“Pathway” schools are alternative schools that serve students who’ve struggled elsewhere. DSISD is not a pathway school. It was rated “blue” this year, the highest rating on the district’s five-color scale.

Not counting the students who received the 630 extra passes purchased with the tax money, 2,565 high school students were eligible this year for Regional Transportation District bus passes, according to district officials. That’s up from 2,376 last year. In addition, nearly 5,000 high school students qualify for yellow bus service because they attend a school in an “enrollment zone,” which is essentially an enlarged boundary that contains several schools.

Boasberg said that while the district would like to provide transportation to even more students, it must balance spending money on buses with spending money in classrooms. DPS already spends $26 million of its nearly $1 billion budget on transportation, according to information provided to the school board. Even if it wanted to hire more drivers, district officials said they’re having a hard time finding them in a thriving economy; DPS is down 40 drivers this year.

To come up with a solution, Boasberg said the district must collaborate with the city and the Regional Transportation District, which has commissioned its own task force to come up with new pricing recommendations. DPS officials have been participating in that group.

“Ultimately, RTD has assets and abilities as a transportation entity to specialize in what they specialize in,” Boasberg said at Monday’s school board work session. “Our specialty is in educating students. The more we can be collaborative with RTD … the better.”

But advocates said participating in other agencies’ processes isn’t enough. DPS should be leading its own investigation into how to expand transportation options by gathering parents, students and community members to come up with ideas, they said.

“There have been lots of conversations but DPS hasn’t led any of them,” Samelson said.

Unlike other programs and initiatives funded by the tax increase and suggested by district staff, the transportation expansion proposal hasn’t gotten the attention it deserves, he said.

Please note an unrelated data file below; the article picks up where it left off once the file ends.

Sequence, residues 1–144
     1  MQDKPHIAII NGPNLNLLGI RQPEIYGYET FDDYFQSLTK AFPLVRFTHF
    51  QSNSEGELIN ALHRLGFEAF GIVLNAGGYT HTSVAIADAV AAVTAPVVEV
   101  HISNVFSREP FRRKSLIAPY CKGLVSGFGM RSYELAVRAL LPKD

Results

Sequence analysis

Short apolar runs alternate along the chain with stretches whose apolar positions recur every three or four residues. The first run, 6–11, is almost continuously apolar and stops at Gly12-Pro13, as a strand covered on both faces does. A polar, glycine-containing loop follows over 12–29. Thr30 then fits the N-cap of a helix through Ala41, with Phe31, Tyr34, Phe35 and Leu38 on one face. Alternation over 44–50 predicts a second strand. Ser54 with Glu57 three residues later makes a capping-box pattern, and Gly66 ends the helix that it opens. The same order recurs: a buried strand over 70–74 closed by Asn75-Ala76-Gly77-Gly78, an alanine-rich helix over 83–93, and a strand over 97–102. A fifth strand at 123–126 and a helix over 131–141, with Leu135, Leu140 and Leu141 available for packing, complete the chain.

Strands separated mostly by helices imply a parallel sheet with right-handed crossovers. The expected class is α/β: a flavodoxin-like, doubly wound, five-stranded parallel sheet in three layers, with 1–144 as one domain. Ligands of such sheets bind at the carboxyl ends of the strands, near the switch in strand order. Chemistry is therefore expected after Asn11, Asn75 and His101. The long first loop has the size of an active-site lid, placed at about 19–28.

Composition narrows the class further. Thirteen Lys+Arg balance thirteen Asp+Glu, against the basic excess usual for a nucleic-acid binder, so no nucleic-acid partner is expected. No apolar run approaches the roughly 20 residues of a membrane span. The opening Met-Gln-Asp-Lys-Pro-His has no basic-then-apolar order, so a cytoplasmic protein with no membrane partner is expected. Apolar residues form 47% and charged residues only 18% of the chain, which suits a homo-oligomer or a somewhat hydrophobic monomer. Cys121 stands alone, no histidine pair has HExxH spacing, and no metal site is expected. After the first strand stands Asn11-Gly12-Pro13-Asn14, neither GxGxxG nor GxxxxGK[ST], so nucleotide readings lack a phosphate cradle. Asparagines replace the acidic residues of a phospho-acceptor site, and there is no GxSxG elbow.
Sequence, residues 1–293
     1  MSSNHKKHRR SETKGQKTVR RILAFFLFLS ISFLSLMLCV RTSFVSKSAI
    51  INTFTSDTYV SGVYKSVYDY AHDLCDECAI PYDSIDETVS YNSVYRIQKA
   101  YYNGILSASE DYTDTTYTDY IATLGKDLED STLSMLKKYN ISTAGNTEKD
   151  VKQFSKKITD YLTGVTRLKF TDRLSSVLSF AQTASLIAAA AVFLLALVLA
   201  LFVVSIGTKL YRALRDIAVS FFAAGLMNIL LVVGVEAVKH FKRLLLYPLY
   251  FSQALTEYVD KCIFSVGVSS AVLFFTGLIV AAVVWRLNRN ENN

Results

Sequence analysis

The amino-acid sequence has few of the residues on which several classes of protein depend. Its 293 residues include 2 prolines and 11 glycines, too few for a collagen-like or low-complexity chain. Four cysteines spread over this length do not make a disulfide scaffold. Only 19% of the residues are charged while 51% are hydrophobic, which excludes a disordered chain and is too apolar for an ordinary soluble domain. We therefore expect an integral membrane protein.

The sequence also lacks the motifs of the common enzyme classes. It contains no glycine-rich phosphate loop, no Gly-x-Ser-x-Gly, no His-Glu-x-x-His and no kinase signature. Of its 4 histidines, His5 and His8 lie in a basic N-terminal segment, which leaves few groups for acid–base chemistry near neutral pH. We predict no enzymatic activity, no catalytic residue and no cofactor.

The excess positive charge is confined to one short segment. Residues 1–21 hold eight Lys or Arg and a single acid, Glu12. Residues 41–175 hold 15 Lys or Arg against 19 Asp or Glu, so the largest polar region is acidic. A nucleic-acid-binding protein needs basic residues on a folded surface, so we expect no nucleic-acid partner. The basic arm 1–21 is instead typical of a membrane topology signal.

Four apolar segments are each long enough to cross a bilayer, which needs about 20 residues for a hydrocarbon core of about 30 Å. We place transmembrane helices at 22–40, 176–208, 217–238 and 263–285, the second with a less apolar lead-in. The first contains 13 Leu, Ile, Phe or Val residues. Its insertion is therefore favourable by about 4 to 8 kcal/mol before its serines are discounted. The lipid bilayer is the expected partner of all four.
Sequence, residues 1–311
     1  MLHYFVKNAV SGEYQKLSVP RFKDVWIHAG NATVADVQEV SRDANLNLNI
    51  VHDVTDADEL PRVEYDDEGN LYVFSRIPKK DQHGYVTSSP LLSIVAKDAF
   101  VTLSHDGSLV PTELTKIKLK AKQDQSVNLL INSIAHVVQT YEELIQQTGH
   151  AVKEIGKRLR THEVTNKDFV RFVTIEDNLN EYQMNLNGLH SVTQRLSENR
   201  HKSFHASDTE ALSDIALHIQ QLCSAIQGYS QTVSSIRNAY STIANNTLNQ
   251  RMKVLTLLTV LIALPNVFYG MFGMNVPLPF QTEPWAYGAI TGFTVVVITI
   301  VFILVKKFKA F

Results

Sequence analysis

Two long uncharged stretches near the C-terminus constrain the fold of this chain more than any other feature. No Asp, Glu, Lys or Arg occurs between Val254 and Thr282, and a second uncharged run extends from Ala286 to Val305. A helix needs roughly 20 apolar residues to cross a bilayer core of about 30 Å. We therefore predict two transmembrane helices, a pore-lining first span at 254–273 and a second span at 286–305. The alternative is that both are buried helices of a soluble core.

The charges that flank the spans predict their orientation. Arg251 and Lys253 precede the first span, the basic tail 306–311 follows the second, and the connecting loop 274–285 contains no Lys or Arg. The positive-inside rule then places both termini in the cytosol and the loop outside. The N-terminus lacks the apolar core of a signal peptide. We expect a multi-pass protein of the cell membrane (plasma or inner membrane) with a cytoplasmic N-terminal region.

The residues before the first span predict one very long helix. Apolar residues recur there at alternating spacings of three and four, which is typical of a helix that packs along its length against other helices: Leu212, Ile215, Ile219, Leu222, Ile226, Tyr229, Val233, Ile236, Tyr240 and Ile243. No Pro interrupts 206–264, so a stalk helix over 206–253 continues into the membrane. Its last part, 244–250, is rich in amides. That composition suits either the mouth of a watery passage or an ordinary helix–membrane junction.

“We’re trying to help the district increase access to schools for students but we feel pushback, we feel stonewalled, we feel like we have to argue our way into this premise that increased transportation is good for kids,” Mortimer said. “We just don’t understand it.”

Struggling Detroit schools

The list of promises is long: Arts, music, robotics, gifted programs and more. Will Detroit schools be able to deliver?

PHOTO: Detroit Public Television
Detroit schools Superintendent Nikolai Vitti answers questions at a community meeting in Detroit.

Arts. Music. Robotics. Programs for gifted kids. New computers. New textbooks. Dual enrollment programs that let high school students take college classes. International Baccalaureate. Advanced Placement.

They’re all on the list of things that Detroit schools Superintendent Nikolai Vitti told a group of community members assembled in a Brightmoor neighborhood church that he would introduce or expand as soon as next school year.

Vitti didn’t get into the specifics of how the main Detroit district would find the money or partnerships needed to deliver on all of those promises, but they’re part of the plan for the future, he said.

The comments came in a question and answer session last month with students, parents and community members following Vitti’s appearance on Detroit Public Television’s American Black Journal/One Detroit Roadshow. The discussion was recorded at City Covenant Church. DPTV is one of Chalkbeat’s partners in the Detroit Journalism Cooperative.

Vitti has been appearing at community events since taking over the Detroit schools last spring. He is scheduled next week to join officials from two of the city’s major charter school authorizers, Central Michigan University and Grand Valley State University, at a State of the Schools address on October 25.

 

Watch the full Q&A with Vitti below.